Goodbye to All That

After Congress sounded the death knell for the two-state solution last month, it’s worth looking at how it might have worked in order to come up with new and practical ideas for the future. Taking off from Jerry Haber’s critique of what he termed “Liberal Zionist” failures in envisioning two states, I offer an view of how it should have been in my latest Babylon Times piece, hosted by Souciant.

8 thoughts on “Goodbye to All That

  1. Well I have read your article, and I understand that had it been possible you would have preferred a two-state solution, but that now this is not an option. But this does not mean necessarily that you agree with a one-state solution, there may be something else you have in mind for the future. Is it a one-state solution? Or is it something radically different?

  2. I wrote: “…one state is not a solution, but rather is the very condition we live with today…”

    I think that’s pretty clear that I don’t think a single state is viable or realistic.

    The point is that the two-state scenario that was being worked on for two decades is dead. That doesn’t mean one needs to immediately come up with a new solution–on the contrary, we need to establish clear principles that are as just and as ethical as possible and develop a new framework from that basis. If there were a ready alternative, that would be great, but there isn’t. Hence my closing paragraph:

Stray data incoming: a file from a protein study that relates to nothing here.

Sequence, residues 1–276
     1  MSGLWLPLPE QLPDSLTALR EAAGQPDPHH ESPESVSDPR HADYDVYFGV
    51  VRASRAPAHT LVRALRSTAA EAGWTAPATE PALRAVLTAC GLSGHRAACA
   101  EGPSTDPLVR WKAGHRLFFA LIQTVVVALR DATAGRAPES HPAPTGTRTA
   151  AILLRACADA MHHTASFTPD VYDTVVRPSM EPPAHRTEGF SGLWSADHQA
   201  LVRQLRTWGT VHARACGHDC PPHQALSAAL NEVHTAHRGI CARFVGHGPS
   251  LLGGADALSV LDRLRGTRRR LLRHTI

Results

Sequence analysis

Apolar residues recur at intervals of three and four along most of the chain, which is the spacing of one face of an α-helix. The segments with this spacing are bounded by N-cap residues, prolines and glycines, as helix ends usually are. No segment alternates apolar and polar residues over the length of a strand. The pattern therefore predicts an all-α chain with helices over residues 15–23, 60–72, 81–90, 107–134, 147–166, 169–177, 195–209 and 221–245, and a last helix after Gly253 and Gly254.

“With the two-state solution lying dead and dismembered before us, and without an alternative that is any more viable than it ever was in a single-state framework, it is time to articulate what should have been clearly spelled out decades ago: two states means two independent and self-sufficient states, with all the rights and responsibilities that implies. That is what the Oslo two-state formulation never offered. And that’s why it’s dead.”

  3. I believe in many ways that a one state-solution is viable, first. Secondly I believe we’ve exhausted all of our options, there are really only two ways to have this divided. I mean, there are other ways yes, but most of them are ridiculous, it was either going ot be one-state or two state. But Jewish nationalism or zionism, conflicts really with even the goal of a two state solution. Why? Because the very far right really in both nations prevents any real compromise on that issue, it doens’t help that Israeli has all that it needs to freely expand into Palestinian territory. That is what their nationalism drives them to do, they intende to have Israel up to her ancient borders, and that is what they are working towards. But even if they destroyed those settlements and returned to their 1967 borders, Palestine still would not be a very viable state.

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